Past Prime Ministers

William Lamb, 2nd Viscount Melbourne

Whig 1834 to 1834, 1835 to 1841

“It is impossible that anybody can feel the being out of Parliament more keenly for me than I feel it for myself. It is actually cutting my throat. It is depriving me of the great object of my life.”

William Lamb, 2nd Viscount Melbourne


15 March 1779, London


24 November 1848, Brocket, Herts

Dates in office

1834 to 1834, 1835 to 1841

Political party


Major acts

Dissenters' Marriage Bill 1836: legalised civil marriage outside of the Church

Interesting facts

The city of Melbourne in Australia is named after him. He extensively tutored a young Queen Victoria in the ways of politics.


Viscount Melbourne had 2 lives – the first as the cuckolded husband in one of the most scandalous affairs of the 19th century, and the second as senior statesman and mentor to Queen Victoria.

Born William Lamb, in 1805 he succeeded his elder brother as heir to his father’s title. Now known as Lord Melbourne, he married Lady Caroline Ponsonby. It was a marriage which was to cause him no small amount of grief.

He first came to general notice for reasons he would rather have avoided, when his wife had a public affair with poet Lord Byron. The resulting scandal was the talk of Britain in 1812.

In 1806 he was elected to the Commons as the Whig MP for Leominster, where he served from 1806 to 1812, and from 1816 to 1829, before joining the House of Lords on his father’s death.

He was Secretary for Ireland from 1827 to 1828, and Home Secretary from 1830 to 1834, during which time he cracked down severely on agricultural unrest.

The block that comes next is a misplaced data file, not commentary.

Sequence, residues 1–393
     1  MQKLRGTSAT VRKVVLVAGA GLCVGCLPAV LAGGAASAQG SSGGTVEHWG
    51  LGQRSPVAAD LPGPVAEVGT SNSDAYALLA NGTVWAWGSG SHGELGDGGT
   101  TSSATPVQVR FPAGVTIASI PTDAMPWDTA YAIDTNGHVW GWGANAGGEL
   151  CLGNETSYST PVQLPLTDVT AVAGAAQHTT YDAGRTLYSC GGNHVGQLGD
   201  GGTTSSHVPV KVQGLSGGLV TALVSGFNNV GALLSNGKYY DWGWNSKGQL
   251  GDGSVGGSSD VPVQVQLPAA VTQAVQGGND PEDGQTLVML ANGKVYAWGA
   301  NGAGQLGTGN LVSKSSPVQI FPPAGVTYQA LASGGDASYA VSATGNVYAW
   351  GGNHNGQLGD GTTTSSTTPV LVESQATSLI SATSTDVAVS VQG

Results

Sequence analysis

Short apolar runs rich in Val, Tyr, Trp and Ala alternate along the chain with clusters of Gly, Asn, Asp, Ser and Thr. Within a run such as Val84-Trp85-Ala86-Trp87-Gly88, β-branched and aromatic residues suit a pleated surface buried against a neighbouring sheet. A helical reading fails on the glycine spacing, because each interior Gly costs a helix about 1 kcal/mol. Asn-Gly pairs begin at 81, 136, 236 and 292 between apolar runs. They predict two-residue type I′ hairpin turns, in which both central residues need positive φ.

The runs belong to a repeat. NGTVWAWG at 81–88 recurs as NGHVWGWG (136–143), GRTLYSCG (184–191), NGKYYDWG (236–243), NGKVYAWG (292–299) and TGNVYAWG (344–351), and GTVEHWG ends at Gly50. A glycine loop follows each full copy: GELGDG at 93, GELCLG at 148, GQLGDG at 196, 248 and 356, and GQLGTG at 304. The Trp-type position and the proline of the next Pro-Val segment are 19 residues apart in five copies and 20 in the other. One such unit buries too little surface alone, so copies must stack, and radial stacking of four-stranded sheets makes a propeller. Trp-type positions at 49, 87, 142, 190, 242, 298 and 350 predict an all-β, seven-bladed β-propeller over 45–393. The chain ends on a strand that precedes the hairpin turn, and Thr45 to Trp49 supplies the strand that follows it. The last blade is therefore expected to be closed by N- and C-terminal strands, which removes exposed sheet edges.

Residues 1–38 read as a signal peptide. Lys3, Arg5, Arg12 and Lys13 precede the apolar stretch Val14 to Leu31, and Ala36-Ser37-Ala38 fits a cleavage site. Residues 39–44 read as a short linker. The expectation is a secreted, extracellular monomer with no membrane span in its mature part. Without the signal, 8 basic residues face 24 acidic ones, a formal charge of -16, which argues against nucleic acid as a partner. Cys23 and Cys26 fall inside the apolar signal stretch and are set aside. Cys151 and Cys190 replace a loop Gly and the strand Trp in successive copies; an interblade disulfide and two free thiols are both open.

Lady Caroline Ponsonby-Lamb was not a typical politician’s wife. The daughter of Frederick Ponsonby, 3rd Earl of Bessborough, and the granddaughter of the 1st Earl Spencer, she was born in 1785.

Lady Caroline married Lord Melbourne, in 1805. After 2 miscarriages, she gave birth to their only child, George Augustus Frederick, in 1807, and was devoted to him. He was epileptic and mentally handicapped and had to be cared for almost constantly.

In 1812, Caroline read Lord Byron’s Childe Harold’s Pilgrimage and declared: “If he was as ugly as Aesop, I must know him.” On meeting Byron that summer, she famously noted in her diary that he was “mad, bad and dangerous to know”. They began an affair which lasted until 1813, but even after it finished Lady Caroline’s obsession with the poet continued. She published a novel, Glenarvon, in 1816 containing obvious portraits of herself, her husband, Byron and many others.

Embarrassed and disgraced, Melbourne decided to part from his wife, though the formal separation did not occur until 1825.

Lady Caroline died in 1828, aged 42, her death hastened by drink and drugs. Lord Melbourne, not yet Prime Minister, was by her bedside.

On Grey’s resignation in 1834, King William IV appointed Lord Melbourne as the Prime Minister who would be the “least bad choice”, and he remained in office for 7 years, except for 5 months following November 1834 when Sir Peel was in charge.

Without any strong political convictions, he held together a difficult and divided Cabinet and sustained support in the House of Commons through an alliance of Whigs, Radicals and Irish MPs.

He was not a reformer (although the Municipal Corporations Act of 1835 did make sure that the growing middle class secured control of local government), but he was efficient in keeping order, raising taxes and conducting foreign policy.

Lord Melbourne also had a close relationship to the monarch. He was Queen Victoria’s first Prime Minister, and she trusted him greatly. Their close relationship was founded in his responsibility for tutoring her in the world of politics and instructing her in her role, but ran much deeper than this suggests. Queen Victoria came to regard Lord Melbourne as a mentor and personal friend, and he was given a private apartment at Windsor Castle.

Later in his premiership, his support in Parliament declined and in 1840 it grew difficult to hold the Cabinet together. His unpopular and scandal-hit term ended in August 1841, when he resigned after a series of parliamentary defeats.